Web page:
BY MARK ANDERSON
When it comes to the world of art, certain paintings command staggering prices that represent the pinnacle of human spending power. These masterpieces are highly cherished by investors, collectors, and art lovers alike. The top five most expensive artworks ever sold are a testament to the enduring value of art. Ranging from the masterful brushstrokes of Leonardo da Vinci to the bold color fields of Mark Rothko, these works hold more capital than some banks. In this article, we will take a closer look at the most expensive artworks ever sold, examining the artists, the works, and the prices they fetched at auction or private sale. Whether you are a seasoned collector or simply an art enthusiast, read on to discover the most valuable paintings in history.
– 5 –
“No. 6 (Violet, Green and Red)” by Mark Rothko | $186 Million
In 2014, Rothko’s painting was sold for an astounding $186 million at Christie’s auction house. This masterpiece, along with de Kooning’s work, is widely regarded as an essential example of abstract expressionism. The painting’s stunning composition, which features three large rectangles of color, is credited for its remarkable sale price. Currently, the artwork is held in the prestigious collection of the National Gallery of Art in Washington D.C., and is recognized as one of the world’s most valuable works of art.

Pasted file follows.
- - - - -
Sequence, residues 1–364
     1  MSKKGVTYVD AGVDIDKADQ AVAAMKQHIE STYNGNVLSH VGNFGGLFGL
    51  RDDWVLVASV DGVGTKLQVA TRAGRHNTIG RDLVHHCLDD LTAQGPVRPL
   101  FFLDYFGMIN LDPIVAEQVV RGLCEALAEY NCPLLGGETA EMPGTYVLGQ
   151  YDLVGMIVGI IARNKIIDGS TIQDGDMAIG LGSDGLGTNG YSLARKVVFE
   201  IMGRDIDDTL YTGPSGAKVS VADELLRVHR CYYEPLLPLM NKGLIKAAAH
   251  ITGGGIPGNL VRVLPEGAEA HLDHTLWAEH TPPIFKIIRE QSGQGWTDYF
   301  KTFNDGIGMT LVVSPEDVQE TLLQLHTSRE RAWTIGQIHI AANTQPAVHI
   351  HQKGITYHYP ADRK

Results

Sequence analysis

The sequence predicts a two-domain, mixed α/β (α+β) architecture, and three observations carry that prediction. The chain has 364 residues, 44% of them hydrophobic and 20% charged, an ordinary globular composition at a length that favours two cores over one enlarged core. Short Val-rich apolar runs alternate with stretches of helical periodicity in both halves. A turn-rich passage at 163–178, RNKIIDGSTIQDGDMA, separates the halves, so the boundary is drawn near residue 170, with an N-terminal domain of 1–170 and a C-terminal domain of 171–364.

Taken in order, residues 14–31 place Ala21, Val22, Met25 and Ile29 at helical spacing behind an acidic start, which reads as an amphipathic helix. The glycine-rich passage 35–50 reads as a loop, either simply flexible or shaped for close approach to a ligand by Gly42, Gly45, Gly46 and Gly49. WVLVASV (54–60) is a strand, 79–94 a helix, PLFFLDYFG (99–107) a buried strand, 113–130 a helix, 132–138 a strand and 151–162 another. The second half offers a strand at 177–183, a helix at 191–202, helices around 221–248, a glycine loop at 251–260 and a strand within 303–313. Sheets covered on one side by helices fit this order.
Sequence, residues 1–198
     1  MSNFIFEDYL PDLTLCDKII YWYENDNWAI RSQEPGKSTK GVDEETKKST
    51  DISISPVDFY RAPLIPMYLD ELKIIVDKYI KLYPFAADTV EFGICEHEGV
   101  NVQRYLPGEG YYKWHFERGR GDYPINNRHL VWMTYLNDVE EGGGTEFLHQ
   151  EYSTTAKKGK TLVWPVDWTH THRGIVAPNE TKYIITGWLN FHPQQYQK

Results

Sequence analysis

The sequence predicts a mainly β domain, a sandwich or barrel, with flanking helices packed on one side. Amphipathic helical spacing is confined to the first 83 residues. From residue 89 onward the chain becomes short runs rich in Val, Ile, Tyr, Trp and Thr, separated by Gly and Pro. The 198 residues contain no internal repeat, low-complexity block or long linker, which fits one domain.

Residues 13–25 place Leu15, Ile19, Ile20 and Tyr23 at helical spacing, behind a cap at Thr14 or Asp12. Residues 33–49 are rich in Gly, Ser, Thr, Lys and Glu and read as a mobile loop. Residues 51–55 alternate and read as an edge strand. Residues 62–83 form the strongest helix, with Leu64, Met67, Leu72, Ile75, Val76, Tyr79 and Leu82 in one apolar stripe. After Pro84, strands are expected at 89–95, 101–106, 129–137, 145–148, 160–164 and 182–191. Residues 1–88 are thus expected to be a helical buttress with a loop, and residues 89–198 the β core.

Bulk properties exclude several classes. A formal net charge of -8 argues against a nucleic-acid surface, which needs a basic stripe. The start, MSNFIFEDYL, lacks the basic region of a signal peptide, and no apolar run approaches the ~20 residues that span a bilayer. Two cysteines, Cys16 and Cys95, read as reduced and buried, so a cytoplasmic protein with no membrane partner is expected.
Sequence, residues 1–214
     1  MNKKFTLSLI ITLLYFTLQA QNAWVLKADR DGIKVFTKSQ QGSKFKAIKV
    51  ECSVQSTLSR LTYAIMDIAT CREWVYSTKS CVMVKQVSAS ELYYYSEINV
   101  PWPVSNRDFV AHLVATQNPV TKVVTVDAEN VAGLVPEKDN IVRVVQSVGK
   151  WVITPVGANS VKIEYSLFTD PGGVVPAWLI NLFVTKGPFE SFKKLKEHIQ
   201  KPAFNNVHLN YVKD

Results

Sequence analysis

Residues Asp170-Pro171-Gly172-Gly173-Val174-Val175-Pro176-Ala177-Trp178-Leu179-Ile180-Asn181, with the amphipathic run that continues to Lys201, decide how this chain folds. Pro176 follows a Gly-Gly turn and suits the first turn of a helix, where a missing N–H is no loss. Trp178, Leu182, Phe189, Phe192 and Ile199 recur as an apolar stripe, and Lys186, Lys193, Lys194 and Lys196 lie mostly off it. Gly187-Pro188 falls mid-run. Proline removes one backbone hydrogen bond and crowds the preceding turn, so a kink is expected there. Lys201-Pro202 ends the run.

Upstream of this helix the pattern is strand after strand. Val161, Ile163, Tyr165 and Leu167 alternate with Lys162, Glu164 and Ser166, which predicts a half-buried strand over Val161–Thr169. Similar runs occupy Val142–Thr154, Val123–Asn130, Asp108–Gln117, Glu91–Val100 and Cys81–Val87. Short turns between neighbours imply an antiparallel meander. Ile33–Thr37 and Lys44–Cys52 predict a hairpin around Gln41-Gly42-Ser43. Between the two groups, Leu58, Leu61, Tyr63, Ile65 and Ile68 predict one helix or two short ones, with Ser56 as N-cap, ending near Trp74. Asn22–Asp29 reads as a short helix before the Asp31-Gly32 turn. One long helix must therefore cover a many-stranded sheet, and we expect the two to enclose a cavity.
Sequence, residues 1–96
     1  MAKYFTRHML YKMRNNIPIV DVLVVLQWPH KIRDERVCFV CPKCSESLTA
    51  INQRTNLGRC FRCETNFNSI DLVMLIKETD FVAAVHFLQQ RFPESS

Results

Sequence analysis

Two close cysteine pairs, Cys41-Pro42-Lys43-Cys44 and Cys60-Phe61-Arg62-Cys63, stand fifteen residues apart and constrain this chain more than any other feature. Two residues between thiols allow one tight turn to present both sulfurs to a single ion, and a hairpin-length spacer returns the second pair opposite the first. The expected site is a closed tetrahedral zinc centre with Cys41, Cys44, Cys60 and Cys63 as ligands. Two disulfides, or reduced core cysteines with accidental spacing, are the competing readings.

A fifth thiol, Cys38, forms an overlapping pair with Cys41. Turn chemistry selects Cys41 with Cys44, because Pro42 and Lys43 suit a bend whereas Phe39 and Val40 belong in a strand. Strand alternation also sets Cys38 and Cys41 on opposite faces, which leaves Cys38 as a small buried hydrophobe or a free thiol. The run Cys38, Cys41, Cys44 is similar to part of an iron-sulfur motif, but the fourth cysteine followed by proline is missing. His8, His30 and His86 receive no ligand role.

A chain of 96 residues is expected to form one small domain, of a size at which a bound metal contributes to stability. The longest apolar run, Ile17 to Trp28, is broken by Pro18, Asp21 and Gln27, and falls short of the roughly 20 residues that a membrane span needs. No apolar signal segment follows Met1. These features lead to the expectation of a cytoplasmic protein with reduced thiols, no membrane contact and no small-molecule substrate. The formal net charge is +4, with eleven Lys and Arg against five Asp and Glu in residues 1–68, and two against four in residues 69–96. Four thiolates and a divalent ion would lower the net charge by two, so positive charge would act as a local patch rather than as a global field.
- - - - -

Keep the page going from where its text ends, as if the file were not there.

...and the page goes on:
Mark Rothko’s artistic vision centered on color as the primary means of conveying emotions. His goal was to create paintings that would elicit a sense of transcendence and spiritual wonder in the viewer. This painting showcases three prominent rectangles of color: a deep violet at the top, a bright green in the middle, and a rich red at the bottom. The thick, layered brushstrokes of these colors produce a sense of depth and motion. The absence of clear boundaries between the rectangles creates the impression that the colors are blending and fusing together, further enhancing the work’s ethereal and otherworldly atmosphere.
– 4 –
“When Will You Marry?” by Paul Gauguin | $210 Million